I cheered and said “about time. We knew this day would come.”

But I did not really understand that the day had in fact come, nor what that implied.

Somehow I missed the end of the revolution.

We did indeed usher in a new world, we won the war and then somehow we became the establishment.

Our once radical ideas are now taught in universities, published in respected, learned journals and adopted by even the most conservative of organisations. For all I know they are teaching “History of agile in the late middle IT age.”

The pigs in animal farm started out so well, with their manifesto and their self organizing teams. Thanks, somehow, they lost their ideals and became the farmers they had over-thrown.

We also had a manifesto and our self organizing teams and we finally overthrew the old guard. We watched as they fled in terror from our revolutionary armies. And what happened?

We won the war and while they they still speak in dark corners of the return of the detailed methodology of old, we laugh at them, knowing the age of pointless documentation is over.

Their old world of sign-offs, templates and stage gates are gone, relegated to history as a mere footnote in the story of our victorious revolution. Or is that what happened?

I don’t want to become one of the pigs on the farm, leading lambs to the slaughter. I reject the idea that we have pigs and chickens and a great heritage that young people must respect, simply because it is written in some old book, or because some great guy they never heard of said it was the right thing to do.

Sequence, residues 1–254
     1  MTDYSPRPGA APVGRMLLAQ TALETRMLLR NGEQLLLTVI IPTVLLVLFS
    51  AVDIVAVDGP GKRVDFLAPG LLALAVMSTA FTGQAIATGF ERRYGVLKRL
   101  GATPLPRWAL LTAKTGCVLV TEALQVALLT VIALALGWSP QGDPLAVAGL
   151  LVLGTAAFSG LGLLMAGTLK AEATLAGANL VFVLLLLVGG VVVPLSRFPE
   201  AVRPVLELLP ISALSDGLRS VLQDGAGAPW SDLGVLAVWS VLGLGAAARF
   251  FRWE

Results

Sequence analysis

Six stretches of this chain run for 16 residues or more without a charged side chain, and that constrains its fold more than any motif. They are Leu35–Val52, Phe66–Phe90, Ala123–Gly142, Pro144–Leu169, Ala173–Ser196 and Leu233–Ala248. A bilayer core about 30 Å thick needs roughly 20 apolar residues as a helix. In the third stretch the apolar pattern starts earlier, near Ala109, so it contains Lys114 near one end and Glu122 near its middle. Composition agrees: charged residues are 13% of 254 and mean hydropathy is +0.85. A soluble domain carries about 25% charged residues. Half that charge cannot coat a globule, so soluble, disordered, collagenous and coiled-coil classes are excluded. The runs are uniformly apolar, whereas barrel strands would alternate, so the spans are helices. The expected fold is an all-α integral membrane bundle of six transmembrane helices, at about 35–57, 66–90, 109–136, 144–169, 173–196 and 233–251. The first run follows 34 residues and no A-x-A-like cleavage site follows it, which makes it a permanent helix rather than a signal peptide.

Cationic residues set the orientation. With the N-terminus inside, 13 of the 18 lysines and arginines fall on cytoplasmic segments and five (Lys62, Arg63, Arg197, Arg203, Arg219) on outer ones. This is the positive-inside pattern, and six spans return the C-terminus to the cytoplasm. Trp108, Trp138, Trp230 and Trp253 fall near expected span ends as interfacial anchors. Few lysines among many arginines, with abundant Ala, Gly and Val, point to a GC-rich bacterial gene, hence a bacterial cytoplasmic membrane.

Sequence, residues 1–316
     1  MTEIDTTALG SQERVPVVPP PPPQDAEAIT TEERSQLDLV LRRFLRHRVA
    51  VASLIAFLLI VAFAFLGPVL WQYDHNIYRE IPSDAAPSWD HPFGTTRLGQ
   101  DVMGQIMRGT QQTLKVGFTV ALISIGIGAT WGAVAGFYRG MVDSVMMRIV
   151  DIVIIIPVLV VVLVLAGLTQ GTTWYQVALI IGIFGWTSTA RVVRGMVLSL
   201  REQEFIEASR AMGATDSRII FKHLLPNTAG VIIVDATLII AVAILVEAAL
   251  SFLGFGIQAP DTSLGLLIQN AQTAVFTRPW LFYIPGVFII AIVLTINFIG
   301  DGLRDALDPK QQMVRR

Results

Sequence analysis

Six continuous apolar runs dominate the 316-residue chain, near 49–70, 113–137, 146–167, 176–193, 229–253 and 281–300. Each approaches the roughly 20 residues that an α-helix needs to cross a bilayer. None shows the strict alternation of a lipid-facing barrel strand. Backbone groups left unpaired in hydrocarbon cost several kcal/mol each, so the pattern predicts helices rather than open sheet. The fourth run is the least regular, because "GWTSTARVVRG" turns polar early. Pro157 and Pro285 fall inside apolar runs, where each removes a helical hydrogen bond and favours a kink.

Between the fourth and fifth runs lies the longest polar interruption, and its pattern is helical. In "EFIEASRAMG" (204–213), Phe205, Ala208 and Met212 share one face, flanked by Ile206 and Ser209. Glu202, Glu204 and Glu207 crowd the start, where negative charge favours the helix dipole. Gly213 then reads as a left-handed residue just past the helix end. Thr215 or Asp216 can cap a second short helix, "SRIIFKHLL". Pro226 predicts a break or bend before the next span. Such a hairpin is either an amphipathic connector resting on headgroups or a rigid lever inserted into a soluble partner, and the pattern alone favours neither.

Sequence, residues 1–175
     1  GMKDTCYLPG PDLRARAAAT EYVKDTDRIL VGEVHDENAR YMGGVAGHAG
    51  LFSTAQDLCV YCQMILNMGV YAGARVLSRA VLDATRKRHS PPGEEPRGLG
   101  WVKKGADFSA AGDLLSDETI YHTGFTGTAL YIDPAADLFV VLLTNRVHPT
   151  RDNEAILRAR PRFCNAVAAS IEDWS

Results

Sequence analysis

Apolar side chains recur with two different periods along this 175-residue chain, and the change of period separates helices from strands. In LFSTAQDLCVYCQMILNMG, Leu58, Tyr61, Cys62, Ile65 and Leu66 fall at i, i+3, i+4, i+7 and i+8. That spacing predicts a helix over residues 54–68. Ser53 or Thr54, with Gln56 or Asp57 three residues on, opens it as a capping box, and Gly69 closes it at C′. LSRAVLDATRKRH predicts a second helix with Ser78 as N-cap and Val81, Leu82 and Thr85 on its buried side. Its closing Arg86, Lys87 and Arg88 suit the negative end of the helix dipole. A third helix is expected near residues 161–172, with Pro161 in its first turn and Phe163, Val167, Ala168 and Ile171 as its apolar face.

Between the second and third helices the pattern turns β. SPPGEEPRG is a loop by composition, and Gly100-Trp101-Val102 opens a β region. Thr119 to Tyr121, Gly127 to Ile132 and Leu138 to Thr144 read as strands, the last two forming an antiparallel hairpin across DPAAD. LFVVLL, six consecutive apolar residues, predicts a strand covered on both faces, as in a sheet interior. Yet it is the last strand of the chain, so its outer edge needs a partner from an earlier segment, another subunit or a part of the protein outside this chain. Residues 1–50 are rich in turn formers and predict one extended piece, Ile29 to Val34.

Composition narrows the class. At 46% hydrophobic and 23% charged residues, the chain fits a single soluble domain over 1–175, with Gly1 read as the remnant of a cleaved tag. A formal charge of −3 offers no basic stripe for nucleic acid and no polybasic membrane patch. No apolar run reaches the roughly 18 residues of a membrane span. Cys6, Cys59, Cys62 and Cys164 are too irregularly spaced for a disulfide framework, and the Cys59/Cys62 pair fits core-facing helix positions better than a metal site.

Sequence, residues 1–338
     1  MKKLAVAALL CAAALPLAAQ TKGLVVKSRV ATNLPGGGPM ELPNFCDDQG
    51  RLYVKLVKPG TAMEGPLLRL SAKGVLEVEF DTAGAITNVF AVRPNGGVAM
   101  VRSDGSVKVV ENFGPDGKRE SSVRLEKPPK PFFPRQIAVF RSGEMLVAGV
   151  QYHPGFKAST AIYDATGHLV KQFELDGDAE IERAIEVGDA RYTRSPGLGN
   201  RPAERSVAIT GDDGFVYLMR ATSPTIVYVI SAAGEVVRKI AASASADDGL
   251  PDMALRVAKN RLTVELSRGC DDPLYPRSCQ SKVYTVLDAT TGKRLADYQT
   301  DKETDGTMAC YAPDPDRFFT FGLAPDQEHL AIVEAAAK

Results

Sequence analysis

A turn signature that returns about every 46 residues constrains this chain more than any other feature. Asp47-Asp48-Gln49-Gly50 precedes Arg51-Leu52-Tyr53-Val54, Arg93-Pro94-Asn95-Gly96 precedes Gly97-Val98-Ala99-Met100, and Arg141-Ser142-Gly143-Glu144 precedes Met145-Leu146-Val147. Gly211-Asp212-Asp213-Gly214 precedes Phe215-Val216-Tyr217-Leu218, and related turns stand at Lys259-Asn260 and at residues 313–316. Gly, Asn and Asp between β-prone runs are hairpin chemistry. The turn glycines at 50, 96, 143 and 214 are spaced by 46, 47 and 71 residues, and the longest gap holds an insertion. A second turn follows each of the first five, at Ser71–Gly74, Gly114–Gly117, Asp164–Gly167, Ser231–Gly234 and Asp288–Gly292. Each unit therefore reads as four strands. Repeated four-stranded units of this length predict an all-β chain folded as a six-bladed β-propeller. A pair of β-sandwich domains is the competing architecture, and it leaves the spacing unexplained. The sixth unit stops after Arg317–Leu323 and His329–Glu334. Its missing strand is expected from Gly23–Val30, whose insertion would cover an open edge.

I am too comfortable to take to the mountains and too conservative to seriously tell people to ignore corporate strategies and value models. So I might have to give up on the illusion I am a revolutionary, fighting against the machine.

Maybe I will be the old guy in this story.

Like him, I will advise people that “It is as you chose it to be,” and help them learn that they are in control, but that with empowerment comes the realization that there are consequences of their choices. The benefit of choice comes with the responsibility for choice.

Or maybe I will be the slightly flawed but totally dependable and cool old guy in Karate Kid, who is not trying to be the hero but rather sharing what he thinks so the hero can win.

But I will not inflict “correct and established” agile standards on people, anymore than I would inflict my old-man “it was cool in the day” music on them.

Instead I will share my knowledge and continue to fight for people to make agile what they want it to be. Agile practices will serve the people, the people will not exist to serve agile practices.

We may be mainstream now, but we can still maintain the passion and values that got us here, rather than laying them down to replay the same music, tell the same stories and engage in agile nostalgia.

Anyway – just saying. I somehow missed that agile had gone mainstream. Now that I have finally noticed, I guess I have some thinking to do.